As much as I like to pretend that I’m not like everyone else, I, like most everyone around me, am a slave to social media.
My phone might as well be a body part, and one of its most important functions is Instagram.
I am one of those people who has an Instagram theme. If it’s not a blue-toned shot run through the Gingham filter, I won’t even think about posting it.
I don’t even like the color blue.
One of Instagram’s biggest draws is the illusion of perfection.
On social media, I portray myself as an organized, well-traveled writer who has a strong affinity for tea.
Maybe that’s true in part, but Instagram never sees the four stained coffee mugs piled on my desk.
I don’t post about the travel days I felt sick to my stomach or the stories I threw out after three drafts of failure.
Then again, nothing on social media is really what it seems.
A 2016 study observed that college-aged people’s self-oriented perfectionism has increased over time, along with their socially prescribed perfectionism and their other-oriented perfectionism.
Basically, the study found that college students have been putting up higher expectations for themselves and attaching more importance to perfection than previous generations have.
It’s pretty rare that I see a post on Instagram that’s anything less than perfect.
Scrolling through the first ten posts on my timeline, I didn’t see a single one that wasn’t edited or staged in some way.
Scrolling through my own profile, the same rings true.
A UK study from last year ranked Instagram as the worst social media platform for young people’s mental health.
The study measured users’ experiences with issues such as emotional support, loneliness, community building and body image.
Snapchat was right behind Instagram, and YouTube came out on top as the most positive.
It makes sense that Instagram would have a negative effect on how we view ourselves.
I mean, there is an entire industry of people who get paid to make their lives look perfect online.
I follow at least a dozen of them. It’s so easy to forget that people like them use editing apps and fancy lights and expensive makeup to craft the perfect Instagram picture.
I’m pretty sure not even Zoella actually looks like Zoella.
In fact, there’s really only one post I can remember from my own Instagram feed in which a professional social media user celebrated the way she looks in real life without using it as a gimmick to sell some kind of product.
A while back, Dodie Clark, a British singer I like, posted a picture showing off her less-than-perfect figure.
She also posted a few tweets explaining her decision to embrace her imperfections in hopes of inspiring others to do the same.
That post was one of the factors that drove me to check out her book, ‘Secrets for the Mad: Obsessions, Confessions, and Life Lessons.’
In one of my favorite sections of the book, “Forkfuls of Salad,” Dodie talks about a different Instagram post she made.
When she was struggling with an eating disorder, she wore a crop top to the beach and posted a picture.
Following the flood of likes and comments, she writes, “My heart sank and the back of my neck became hot. I had an audience of mostly young girls, and I had just blasted their timelines with posed pictures of a smiling skeleton.”
She goes on to describe the negative effects her post could have had on her followers.
The young women who looked up to her would be influenced to compare themselves to her the same way she compared herself to others.
I don’t think anyone reacts to my Instagram posts the same way Dodie’s followers react to hers. However, whether we have 10 followers or 10 million, every one of us on social media has an audience of our own.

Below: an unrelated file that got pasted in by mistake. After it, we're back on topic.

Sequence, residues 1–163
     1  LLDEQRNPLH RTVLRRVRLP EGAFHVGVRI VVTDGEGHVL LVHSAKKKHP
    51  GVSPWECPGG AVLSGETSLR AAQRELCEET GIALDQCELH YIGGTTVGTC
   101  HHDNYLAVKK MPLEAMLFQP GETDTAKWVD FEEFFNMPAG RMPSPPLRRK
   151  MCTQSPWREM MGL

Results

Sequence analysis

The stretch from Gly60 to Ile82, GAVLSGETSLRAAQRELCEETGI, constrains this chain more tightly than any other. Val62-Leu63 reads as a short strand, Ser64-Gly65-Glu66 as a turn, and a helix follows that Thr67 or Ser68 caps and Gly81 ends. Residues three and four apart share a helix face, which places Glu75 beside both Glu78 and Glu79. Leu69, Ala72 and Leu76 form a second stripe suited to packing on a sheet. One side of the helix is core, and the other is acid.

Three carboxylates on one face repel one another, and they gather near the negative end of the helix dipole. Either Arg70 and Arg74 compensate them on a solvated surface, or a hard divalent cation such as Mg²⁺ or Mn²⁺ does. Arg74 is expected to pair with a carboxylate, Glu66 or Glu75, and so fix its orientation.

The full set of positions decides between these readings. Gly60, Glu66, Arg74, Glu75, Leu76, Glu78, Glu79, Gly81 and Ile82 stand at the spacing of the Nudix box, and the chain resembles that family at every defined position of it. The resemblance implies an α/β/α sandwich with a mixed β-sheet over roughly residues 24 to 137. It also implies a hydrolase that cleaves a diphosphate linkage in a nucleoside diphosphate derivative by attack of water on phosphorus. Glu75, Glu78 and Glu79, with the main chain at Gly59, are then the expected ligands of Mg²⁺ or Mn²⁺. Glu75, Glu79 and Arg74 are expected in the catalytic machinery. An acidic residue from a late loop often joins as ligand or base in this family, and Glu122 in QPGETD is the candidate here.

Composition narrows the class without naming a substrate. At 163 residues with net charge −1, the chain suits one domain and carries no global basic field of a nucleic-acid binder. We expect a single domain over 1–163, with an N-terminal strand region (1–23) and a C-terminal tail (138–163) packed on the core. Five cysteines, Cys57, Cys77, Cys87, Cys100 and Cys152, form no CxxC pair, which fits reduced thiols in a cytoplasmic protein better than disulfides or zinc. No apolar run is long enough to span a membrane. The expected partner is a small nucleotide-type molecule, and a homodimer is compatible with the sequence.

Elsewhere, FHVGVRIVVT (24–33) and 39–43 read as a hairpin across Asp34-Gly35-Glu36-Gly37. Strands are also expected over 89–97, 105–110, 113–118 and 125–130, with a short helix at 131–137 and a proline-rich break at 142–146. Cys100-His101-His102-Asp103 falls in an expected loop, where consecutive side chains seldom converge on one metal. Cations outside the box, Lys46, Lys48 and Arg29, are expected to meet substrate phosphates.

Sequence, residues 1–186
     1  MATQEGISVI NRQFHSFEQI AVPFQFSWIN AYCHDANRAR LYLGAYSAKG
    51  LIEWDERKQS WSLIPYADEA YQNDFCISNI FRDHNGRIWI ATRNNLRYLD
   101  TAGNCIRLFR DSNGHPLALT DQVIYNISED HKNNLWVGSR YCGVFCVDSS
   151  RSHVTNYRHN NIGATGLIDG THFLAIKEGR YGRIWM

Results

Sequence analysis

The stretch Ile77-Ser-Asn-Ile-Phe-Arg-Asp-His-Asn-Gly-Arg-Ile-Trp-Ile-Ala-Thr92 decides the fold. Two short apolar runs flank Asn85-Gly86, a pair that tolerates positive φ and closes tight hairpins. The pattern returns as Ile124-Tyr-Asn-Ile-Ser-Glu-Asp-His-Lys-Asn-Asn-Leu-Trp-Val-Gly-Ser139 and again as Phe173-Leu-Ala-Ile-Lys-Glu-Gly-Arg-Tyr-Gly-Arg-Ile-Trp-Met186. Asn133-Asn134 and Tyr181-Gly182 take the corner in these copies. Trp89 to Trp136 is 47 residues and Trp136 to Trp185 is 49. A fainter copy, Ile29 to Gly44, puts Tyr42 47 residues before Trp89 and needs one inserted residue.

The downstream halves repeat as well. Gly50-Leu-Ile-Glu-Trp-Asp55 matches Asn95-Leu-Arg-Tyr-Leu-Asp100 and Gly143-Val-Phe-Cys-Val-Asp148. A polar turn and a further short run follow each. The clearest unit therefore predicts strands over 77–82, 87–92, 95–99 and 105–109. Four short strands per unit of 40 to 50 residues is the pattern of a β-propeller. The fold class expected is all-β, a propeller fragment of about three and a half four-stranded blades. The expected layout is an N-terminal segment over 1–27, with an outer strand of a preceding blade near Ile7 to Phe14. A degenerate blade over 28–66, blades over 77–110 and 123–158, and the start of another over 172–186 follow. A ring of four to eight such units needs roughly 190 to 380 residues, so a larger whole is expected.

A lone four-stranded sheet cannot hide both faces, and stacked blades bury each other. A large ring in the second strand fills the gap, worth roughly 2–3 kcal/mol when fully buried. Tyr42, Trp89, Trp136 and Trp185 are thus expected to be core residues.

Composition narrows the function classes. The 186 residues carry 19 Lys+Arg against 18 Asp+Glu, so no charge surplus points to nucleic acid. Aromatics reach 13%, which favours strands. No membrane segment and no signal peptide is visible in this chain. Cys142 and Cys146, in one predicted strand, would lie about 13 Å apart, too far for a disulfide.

Every post you make impacts not only yourself but everyone else who sees it.
Therein lies the importance of imperfection. Forget every time you’ve heard about the beauty of imperfection.
Imperfection is the truth, and, as the saying goes, the truth shall set you free.
Maybe that’s the secret to freedom from the shackles of social media.
By refusing to conform to societal expectations of perfection, we, too, can set ourselves free from the toxicity of perfectionism.
What’s so wrong with perfectionism, you may wonder.
Isn’t it a good thing to strive to be the best you can possibly be?
Shouldn’t we want others to think highly of us?
The World Health Organization reported that a record number of young people all over the world suffer from serious depression and anxiety disorders.
Harvard Business Review linked this finding to “ the excessive standards that they hold for themselves and the harsh self-punishment they routinely engage in.”
The article goes on to discuss the implications of social media-related perfectionism and psychological turmoil.
The truth is, I’m proud of my Instagram theme.
I feel like I worked hard to get it to look the way it does, and that scares me.
There’s no reason I should care so much; no one’s looking at it anyway.
I don’t know about you, but I’d rather have my mental health than a pretty Instagram feed.
There’s another quote I like from Dodie’s book. In fact, I like it so much that I painted it on a canvas and hung it on my bathroom wall.
It says, “If you tell the world you’re beautiful, it will believe you, and then you’ll start believing it too.”
I think that’s where we can find the balance between perfectionism and imperfection.
Your social media presence is whatever you make it to be.
If I want to keep posting pictures of coffee cups and landscapes, then that’s what I’ll keep posting.
I’ve built a theme that I enjoy, so it doesn’t matter if it gets three likes or three hundred.
Instagram culture is such a useless thing.
We should focus on building lives, not social media posts, that we’re proud of.
You are not the before and after shots in a Proactiv ad.
Each of us exists somewhere in between the mountains and the valleys.
I want my Instagram to reflect that, too.